Back when I was much younger, there was a skeet-shooting-esque toy set that launched foam disks via a remote control that gave a really unique element to target shooting. While one can always set up soda cans for some carnival style fun; dynamic and moving targets are just a strictly superior option. The original Sticky Bugs were really awesome for just that reason, but you still needed a smooth surface, like a plain wall or a glass door, for them to walk down. While great for tuning your aim, the Flying Bugs take things to a whole new level; literally, in the form of aerial combat! Once launched with the provided foot pedal, you can knock them out of the sky with any blaster. ZURU includes a powerful clip-fed pistol that does the trick, but I find it’s so satisfying to mow them down with something fully automatic.
When we originally dreamed up how we would work these into a mission, it was a challenge to make them useful to both factions. We even briefly considered using them as shieldbreakers as well, but we didn’t want to modify the launchers to make them shoot harder. While this is a neat option, I cannot condone sending your Flying Bugs towards opponents. We also pondered the possibility of launching them from even greater heights, such as surrounding buildings, but they really don’t need any additional elevation to be practical for our purposes. The bugs can be tricky to aim if you have a specific target in mind, but that was a boon to our game design as it both increased the skills required as well as induced a small element of luck as well. Player feedback involving the Bugs was overwhelmingly positive. Personally, from a human play perspective, I enjoyed the shieldbreaker Sticky Bugs the most, as it encouraged teamwork to get three bugs on a single shield at a time; given how they naturally like to work their way down.
While we are on the subject, I want to take this chance to publicly thank ZURU for their support and sponsorship of EndWar 2018. The game pieces they sent and sponsorship they provided seriously enhanced the value of the event for players and vendors alike. I know I really enjoying rocking my Turbo Advance against Bugs, zombies, and even some PvP action. It performed admirably with only one misalignment, which was easy to fix on the field, so I never missed a beat.
Eventually, the Bugs and I had to come home from EndWar, and over the last few days, I have had to come up with something to do with them. They are too cool to let them sit in one of the storage rooms. I took them out and did some target practice with Stephen (my trusty inflatable Zombie companion), and that’s when the inspiration hit me. I will be bringing the Flying Bugs to the South East Nerf Club to try out a new gametype. I’ll let you know how it goes in a future article, but here is my general rule-set so that you can try it at home yourselves as well and let me know of any changes you might make:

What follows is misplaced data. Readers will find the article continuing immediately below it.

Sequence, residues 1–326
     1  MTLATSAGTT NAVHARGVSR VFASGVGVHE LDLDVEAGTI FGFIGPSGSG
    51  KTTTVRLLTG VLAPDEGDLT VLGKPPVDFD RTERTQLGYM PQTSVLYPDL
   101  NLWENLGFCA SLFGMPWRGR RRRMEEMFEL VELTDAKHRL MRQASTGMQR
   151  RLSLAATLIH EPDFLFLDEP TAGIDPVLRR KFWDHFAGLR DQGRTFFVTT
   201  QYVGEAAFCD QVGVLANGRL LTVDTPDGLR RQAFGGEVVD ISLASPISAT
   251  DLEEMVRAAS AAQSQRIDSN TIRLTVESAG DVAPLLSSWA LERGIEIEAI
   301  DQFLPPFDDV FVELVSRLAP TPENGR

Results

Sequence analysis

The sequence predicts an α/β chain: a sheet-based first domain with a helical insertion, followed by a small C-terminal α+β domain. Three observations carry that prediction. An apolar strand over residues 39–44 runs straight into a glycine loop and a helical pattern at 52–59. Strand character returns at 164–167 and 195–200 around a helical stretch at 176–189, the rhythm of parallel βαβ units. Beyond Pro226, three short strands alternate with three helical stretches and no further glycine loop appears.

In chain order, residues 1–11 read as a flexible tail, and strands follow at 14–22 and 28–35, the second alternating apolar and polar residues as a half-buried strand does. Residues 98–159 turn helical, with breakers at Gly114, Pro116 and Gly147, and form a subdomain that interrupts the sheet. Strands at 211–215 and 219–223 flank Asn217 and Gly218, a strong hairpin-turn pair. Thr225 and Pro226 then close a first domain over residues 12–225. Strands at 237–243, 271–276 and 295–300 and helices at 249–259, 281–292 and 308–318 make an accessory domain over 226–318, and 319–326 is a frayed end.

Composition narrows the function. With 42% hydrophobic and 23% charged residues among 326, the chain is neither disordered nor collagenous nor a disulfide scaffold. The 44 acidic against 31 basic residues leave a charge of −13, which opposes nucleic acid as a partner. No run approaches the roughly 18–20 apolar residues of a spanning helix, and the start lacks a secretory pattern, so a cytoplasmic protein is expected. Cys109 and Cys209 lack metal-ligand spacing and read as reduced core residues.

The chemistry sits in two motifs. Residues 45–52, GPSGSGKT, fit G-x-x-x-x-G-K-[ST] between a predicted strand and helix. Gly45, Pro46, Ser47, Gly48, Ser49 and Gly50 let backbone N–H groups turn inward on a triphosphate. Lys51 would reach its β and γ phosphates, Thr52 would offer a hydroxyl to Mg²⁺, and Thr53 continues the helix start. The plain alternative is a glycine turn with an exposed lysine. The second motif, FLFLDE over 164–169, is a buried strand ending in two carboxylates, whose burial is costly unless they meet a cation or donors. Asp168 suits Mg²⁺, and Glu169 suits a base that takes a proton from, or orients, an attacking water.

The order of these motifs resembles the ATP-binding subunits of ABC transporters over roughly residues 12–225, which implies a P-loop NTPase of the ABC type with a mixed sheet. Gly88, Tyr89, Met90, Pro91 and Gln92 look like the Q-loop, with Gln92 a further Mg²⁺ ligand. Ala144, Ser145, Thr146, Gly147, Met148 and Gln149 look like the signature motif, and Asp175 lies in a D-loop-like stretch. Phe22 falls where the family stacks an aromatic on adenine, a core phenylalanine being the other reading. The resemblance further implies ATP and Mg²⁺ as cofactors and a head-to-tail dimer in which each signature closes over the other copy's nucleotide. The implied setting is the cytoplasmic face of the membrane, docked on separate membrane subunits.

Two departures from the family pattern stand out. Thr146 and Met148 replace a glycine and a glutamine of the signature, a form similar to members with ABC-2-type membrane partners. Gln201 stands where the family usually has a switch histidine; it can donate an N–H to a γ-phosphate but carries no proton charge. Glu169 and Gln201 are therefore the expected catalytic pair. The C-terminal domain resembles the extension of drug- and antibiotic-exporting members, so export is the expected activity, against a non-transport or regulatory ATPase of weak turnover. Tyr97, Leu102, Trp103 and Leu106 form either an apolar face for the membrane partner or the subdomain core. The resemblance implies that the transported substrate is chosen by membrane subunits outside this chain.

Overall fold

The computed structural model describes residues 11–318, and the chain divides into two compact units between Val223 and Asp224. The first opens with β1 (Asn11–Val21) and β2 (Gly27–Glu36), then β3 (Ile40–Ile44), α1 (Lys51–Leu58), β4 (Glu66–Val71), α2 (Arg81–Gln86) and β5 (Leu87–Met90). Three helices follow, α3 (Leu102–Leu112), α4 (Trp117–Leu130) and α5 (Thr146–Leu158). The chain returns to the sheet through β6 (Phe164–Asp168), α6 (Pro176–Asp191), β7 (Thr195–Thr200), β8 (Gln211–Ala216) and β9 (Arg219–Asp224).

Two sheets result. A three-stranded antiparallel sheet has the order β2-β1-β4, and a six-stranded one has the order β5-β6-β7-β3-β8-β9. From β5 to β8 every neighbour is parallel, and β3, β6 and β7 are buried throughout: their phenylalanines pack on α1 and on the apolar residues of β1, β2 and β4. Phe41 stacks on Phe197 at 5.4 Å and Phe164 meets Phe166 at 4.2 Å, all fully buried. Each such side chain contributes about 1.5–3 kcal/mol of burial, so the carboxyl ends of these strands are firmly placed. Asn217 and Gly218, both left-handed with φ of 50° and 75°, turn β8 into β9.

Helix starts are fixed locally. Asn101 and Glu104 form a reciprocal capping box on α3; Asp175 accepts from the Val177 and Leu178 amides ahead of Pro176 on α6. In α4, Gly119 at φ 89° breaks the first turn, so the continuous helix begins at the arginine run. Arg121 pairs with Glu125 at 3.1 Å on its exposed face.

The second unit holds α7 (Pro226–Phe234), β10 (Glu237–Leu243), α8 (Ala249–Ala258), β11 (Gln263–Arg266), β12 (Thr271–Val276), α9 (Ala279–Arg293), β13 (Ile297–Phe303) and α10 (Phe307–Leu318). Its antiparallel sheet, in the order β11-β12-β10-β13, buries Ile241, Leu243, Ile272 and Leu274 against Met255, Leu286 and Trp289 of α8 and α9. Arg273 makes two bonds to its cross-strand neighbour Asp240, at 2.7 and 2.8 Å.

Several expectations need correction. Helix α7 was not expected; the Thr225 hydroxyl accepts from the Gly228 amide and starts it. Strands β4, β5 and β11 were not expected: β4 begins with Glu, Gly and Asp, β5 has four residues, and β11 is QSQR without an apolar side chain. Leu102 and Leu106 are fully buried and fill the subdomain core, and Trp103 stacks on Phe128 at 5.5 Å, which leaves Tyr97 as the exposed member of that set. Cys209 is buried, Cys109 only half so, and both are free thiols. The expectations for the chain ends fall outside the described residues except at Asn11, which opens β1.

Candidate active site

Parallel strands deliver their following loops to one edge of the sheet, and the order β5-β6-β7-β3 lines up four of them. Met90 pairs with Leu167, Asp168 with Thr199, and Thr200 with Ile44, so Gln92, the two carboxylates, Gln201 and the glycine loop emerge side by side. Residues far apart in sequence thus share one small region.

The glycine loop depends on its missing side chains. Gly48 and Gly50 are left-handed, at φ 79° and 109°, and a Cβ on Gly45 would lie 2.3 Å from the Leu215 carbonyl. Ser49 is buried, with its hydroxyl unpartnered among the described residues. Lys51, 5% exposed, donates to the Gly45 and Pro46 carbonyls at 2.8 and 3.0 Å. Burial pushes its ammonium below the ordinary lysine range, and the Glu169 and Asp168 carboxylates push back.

Players begin on opposite sides of a cover laden field in equally divided teams of two.
A single player must referee the game and also is the designated Bug Launcher. Don’t worry, you can trade out between rounds, so everybody gets to play and change up teams.
Players attempt to eliminate opposing players via dart tags anywhere on an opponents person, tactical gear, or blaster.
Each player may begin with only one life and upon getting tagged must exit the play area.
Players may gain additional lives by capturing the Flying Bugz, launched at any time, in any direction by the Bug Launcher.
The objective of this setup is to use materials players will already have available, and the exceptional random element of the bugs to reward them for playing more aggressively than they might otherwise. Normally, in one life game-types, or as I like to call them YOLO game types, players tend to be mighty conservative, trying to maximize position. The added incentive of a bonus life game piece in the form of the bugs floating down onto the battlefield should encourage players to fight for mobile objectives as well as allow players to predict the opposing teams movement. While the ultimate goal remains a clean sweep of the enemy team, the dynamic life based element should allow for new elements of play. I’m not dead set into any rules at this time. I hope you, dear reader, try this out in your personal games and let me know what works best and how you liked it.
Until next month,